Beyond Happy. . .
If you have ready The Daily Buddha for any length of time then you are familiar with my approach that happiness isn’t necessarily all that it’s cracked up to be. Or put another way, in terms of one’s overall quality of life, spirit, and degree of personal fulfillment, some things play a much more significant role than feelings of happiness.
In my freshman year of college I read a book that changed my life. It was at the time the most important book that I had ever read, and it continues to be to this day. It’s entitled, Man’s Search for Meaning and it was written in 1946 by the Viennese psychiatrist and neurologist, Viktor Frankl. His life experience in German concentration camps led to some critical thinking.
What Frankl personally witnessed and experienced during his incarceration led him to a conclusion that to this day stands as one of the most succinct and profound statements ever written about the human condition. That is that everything can be taken from a [person] but one thing: the last of the human freedoms—to choose one’s attitude in any given set of circumstances.
He claimed that those prisoners who suffered the physical and mental cruelties of the camps and managed to survive also tended to be the ones who sought and found the wherewithal to share the little they had, a comforting word, a crust of bread, or an act of simple kindness with others. Giving to others was of course not a guarantee of survival, but it was a way of sustaining a sense of purpose and meaning in the face of overwhelmingly brutal conditions. Without purpose of meaning, our life spirit diminishes and we become more vulnerable to physical and mental stressors.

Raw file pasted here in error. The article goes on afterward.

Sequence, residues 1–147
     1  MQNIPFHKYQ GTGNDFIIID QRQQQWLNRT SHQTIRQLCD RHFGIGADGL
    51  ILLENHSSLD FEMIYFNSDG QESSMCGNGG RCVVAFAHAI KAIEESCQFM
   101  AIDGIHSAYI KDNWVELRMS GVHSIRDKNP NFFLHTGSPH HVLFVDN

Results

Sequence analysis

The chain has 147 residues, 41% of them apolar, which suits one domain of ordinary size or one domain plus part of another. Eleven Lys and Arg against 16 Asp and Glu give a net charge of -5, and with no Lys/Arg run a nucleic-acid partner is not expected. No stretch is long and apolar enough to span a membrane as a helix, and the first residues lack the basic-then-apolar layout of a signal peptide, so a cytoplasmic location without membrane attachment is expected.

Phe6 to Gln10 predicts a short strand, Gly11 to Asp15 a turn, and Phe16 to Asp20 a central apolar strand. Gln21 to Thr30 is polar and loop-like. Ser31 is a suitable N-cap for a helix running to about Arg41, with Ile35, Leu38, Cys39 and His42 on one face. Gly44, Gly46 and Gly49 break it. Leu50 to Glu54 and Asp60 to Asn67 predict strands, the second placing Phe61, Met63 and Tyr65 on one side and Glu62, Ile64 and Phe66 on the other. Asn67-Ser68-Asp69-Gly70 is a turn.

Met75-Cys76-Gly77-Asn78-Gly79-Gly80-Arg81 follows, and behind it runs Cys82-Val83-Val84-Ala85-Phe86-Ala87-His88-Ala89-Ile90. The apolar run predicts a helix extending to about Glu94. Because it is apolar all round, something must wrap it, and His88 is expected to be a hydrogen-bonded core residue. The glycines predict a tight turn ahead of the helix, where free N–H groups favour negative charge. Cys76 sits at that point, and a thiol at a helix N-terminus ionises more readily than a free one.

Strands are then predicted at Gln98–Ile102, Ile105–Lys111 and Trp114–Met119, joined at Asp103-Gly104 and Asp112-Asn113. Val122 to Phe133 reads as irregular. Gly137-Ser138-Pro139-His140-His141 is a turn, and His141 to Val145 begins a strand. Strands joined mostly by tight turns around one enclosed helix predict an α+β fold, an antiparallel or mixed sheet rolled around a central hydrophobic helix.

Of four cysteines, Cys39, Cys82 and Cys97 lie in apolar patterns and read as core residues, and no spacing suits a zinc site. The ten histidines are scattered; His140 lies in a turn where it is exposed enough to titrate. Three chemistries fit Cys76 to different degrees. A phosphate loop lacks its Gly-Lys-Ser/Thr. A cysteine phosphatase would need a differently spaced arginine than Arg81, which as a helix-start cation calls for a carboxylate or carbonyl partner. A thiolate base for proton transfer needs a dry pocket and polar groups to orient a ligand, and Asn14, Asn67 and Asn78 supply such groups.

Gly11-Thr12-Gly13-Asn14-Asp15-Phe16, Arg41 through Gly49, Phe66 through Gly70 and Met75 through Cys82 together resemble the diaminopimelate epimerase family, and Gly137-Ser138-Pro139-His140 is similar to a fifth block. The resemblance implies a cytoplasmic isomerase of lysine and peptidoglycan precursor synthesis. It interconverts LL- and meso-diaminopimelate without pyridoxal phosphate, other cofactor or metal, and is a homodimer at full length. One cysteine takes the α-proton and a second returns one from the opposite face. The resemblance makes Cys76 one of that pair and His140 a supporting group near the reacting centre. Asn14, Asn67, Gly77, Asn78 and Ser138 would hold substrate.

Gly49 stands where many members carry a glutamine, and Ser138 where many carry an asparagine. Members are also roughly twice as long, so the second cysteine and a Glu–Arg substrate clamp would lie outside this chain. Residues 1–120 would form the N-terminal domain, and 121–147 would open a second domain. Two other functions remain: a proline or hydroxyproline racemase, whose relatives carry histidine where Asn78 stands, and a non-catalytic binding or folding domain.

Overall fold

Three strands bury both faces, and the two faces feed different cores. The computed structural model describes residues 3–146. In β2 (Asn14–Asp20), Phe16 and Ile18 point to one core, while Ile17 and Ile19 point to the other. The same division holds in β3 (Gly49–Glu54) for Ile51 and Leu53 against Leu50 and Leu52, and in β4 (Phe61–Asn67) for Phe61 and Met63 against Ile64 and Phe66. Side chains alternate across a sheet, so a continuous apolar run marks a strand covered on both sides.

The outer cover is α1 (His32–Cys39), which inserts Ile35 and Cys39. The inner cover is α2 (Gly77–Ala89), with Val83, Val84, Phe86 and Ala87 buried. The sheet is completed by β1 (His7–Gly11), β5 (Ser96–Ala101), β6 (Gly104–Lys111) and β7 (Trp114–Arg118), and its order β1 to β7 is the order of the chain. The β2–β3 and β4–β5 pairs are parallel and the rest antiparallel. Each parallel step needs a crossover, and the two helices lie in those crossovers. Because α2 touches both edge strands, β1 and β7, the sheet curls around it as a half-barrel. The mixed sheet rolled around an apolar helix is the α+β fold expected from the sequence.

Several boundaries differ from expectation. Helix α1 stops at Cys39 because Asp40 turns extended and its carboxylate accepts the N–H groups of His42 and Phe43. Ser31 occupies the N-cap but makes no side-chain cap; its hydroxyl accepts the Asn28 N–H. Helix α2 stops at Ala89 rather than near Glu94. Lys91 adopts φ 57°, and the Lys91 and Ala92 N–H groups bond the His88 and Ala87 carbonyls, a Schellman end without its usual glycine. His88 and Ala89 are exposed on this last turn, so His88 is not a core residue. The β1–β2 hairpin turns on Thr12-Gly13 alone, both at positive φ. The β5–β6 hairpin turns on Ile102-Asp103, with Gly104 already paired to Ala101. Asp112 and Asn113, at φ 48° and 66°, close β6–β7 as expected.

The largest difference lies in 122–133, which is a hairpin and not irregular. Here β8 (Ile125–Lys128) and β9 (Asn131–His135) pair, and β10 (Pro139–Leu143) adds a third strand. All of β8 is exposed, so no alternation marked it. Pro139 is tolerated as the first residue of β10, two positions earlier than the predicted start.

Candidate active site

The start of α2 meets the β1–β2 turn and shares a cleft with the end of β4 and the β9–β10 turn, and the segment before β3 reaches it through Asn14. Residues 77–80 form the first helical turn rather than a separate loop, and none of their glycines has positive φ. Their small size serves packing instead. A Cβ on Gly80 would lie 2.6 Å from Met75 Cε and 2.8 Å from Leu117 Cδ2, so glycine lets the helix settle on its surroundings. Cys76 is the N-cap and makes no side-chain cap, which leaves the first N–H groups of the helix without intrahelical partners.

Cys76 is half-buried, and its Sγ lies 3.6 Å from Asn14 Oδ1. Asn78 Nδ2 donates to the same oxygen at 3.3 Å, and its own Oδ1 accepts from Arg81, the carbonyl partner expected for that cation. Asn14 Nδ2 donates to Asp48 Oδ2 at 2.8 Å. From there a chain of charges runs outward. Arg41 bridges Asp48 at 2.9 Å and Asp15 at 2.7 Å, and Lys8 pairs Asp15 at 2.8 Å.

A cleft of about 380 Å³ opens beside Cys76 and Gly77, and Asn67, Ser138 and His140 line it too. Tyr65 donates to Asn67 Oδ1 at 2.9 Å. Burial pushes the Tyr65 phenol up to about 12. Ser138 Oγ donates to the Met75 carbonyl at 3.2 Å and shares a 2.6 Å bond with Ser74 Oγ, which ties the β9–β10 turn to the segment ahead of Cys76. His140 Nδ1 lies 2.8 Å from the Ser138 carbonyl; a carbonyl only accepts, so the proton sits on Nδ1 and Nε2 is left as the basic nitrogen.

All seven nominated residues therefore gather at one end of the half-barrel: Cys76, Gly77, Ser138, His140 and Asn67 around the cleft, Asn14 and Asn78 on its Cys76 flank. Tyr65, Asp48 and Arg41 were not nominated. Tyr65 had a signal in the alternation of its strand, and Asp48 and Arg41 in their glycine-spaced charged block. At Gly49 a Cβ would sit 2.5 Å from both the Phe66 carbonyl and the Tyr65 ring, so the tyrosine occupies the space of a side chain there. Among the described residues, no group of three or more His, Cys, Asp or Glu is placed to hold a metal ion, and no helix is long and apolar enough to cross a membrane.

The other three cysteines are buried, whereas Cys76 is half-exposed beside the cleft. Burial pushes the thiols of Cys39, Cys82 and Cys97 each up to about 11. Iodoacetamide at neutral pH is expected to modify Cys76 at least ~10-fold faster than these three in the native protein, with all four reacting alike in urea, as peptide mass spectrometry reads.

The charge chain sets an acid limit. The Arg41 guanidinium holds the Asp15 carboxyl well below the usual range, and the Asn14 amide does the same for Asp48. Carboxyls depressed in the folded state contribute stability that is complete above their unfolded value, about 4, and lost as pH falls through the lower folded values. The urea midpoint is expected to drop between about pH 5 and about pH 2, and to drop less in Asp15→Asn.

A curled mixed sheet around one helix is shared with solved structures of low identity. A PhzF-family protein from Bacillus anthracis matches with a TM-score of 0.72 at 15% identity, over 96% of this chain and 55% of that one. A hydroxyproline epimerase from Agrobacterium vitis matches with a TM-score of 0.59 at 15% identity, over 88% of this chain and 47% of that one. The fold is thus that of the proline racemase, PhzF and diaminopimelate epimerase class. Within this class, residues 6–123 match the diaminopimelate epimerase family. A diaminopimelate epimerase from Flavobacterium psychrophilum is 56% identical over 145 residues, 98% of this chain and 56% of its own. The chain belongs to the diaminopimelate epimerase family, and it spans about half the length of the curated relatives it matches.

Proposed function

While there may be times when the ability to choose to feel happy doesn’t seem available to us, there is never a time in which we lack the ability to choose our attitude. Frankl’s life, more so than his written words, affirms that we all possess the power to make and act on this choice. It was, beyond any fragment of a doubt, a life well-lived.
Peace and Love, Jim
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